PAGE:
It took Spokane school administrators one week to shift from saying they were glad to be able to give raises to classroom aides, whom they’d been paying Wal-Mart wages, to blaming employees for “budget cuts” that might drive up the price of school lunches and district child care.
It was an astonishing show of bad faith.
It was also an astonishing show of bad math.
The district faces no shortfall. No budget gap. No deficit. None. While Spokane Public Schools issued a news release blaming “budget cuts” on the union last week and succeeded in obtaining compliant news coverage of this assertion – nearly every news organization in town trumpeted the line that there is now a “gap” or “shortfall” because of the Spokane Education Association’s threatened strike – the truth is that the current problems facing the district grow out of its own choices, priorities and procedures as much as anything.
The new contracts change the budget. They don’t bust it.
To choose just the most obvious example: Spokane Public Schools has a savings account of $22.8 million. It could cover the entire salary increase from that rainy-day fund. Ah, but isn’t it a bad idea to cover ongoing expenses with money set aside for one-time emergencies? Absolutely. But the district could adjust the budget to cover the salary increases and use the reserve funds for some of the one-time expenses – such as curriculum and technology purchases – that it now says might be postponed or eliminated.
Instead, it’s done its best to cast shade on the employees it claims to value so highly.
The budget challenges arise from the settlement of the labor contracts between the district and the union, which threatened a strike that was averted by a mediated deal at the last minute. In addition to cost-of-living increases, the union was pushing for raises for some of the district’s worst-paid positions, such as classroom assistants and food service workers. The district said it budgeted for salary increases, but not as much as the unions wanted, and in the end officials agreed to spend $5.6 million more than they had budgeted.
This is a question of planning as much as dollars. The district had already passed a $369 million budget while negotiations were ongoing, though it knew there might have to be adjustments.
“We had a budget,” said Kevin Morrison, the district spokesman. “We presented a budget in August. Now we have to go back and take off items from that budget.”
Morrison said that the decision to make a public announcement about “money originally budgeted for other items is now going toward additional salary increases” – complete with the inclusion of potential hikes in school lunches and child care programs, high-profile items liable to catch the attention of parents – was something that administrators and board members felt “needed to be communicated to the public.”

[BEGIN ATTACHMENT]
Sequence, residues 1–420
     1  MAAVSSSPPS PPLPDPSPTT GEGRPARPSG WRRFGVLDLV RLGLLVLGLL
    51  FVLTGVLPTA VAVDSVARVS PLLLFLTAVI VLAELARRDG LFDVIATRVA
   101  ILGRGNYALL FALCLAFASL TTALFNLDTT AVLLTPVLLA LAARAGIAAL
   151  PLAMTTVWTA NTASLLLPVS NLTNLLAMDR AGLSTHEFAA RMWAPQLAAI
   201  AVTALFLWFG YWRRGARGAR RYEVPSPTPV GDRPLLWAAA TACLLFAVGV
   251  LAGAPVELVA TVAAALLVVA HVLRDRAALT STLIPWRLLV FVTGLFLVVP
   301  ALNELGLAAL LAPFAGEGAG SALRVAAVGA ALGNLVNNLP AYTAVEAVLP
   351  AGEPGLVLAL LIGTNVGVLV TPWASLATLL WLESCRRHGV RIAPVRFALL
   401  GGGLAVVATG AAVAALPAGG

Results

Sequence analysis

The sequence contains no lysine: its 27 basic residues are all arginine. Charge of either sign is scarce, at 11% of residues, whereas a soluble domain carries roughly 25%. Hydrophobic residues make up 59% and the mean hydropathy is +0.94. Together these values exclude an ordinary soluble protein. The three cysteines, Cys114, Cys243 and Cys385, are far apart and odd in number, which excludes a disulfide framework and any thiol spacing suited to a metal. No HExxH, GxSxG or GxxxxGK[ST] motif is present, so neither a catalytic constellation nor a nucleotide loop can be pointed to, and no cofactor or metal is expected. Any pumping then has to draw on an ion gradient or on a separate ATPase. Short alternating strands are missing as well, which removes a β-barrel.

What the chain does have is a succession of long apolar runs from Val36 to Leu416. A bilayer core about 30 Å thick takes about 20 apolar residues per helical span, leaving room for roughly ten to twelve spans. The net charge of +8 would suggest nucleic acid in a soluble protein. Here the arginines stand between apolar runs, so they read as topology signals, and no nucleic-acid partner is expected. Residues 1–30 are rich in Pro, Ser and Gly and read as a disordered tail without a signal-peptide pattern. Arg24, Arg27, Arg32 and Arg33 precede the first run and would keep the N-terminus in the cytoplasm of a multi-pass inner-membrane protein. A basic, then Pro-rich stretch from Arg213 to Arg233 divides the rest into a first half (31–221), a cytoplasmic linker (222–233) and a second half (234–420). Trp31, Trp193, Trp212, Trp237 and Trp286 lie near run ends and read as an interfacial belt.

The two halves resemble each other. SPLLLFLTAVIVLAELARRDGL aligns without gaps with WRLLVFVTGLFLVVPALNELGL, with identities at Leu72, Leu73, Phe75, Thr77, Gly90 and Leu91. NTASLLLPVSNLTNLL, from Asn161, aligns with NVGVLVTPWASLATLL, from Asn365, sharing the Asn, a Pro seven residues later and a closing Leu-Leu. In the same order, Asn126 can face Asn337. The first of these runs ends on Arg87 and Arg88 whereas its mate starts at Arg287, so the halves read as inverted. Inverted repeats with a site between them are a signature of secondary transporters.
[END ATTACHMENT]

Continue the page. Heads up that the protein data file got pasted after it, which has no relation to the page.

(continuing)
Superintendent Shelley Redinger put it this way: “We love our employees. We want to pay them well, but again we have to make sure the lights are on.”
Linda McDermott, chief financial officer for the district, agreed this week that the announcement last week, and the news coverage of it, might have created the impression of a budget deficit. And that impression is false.
“We settled a contract within our authorized budget,” she said. “We don’t have a budget deficit per se.”
Officials are combing through the district’s $369 million budget, looking for ways to save money, she said. The district’s reserves have often been brought up by critics who say Spokane Public Schools is poor-mouthing, but McDermott says that a savings account is necessary for a number of reasons, including emergencies, unexpected delays in funding from other sources, and establishing a good credit rating for selling bonds.
The district has among the best bond ratings of any school district in the state, she said, but both Moody’s (which ranks the district as AA1) and Standard and Poor’s (which gives it AA) have encouraged the district to bolster its reserves.
The district’s $22.8 million in reserves includes $9.7 million that is legally restricted for various reasons – can’t be touched. The $13.1 million unrestricted reserve amounts to 3.7 percent of the budget, and the district has a goal of 5 percent, McDermott said.
“We do not believe our level of reserves is excessive for an organization our size,” she said.
McDermott emphasized that spending reserves on salaries is poor financial management.
“One of the last things we want to do is use reserves for salaries, because salaries are an ongoing expenditure,” she said.
But she also said that there are one-time expenses in the budget now that might be covered by reserve funds. In other words, the “cuts” – or some of them, at least – could be made up with reserves. In fact, one might say that’s exactly what reserves are there for.
There is no shortfall. None. The lights will stay on. And if the district decides to raise the prices of school lunch or put off buying new textbooks or stop paying students’ SAT fees, it should come up with a better excuse than blaming the employees it supposedly loves.
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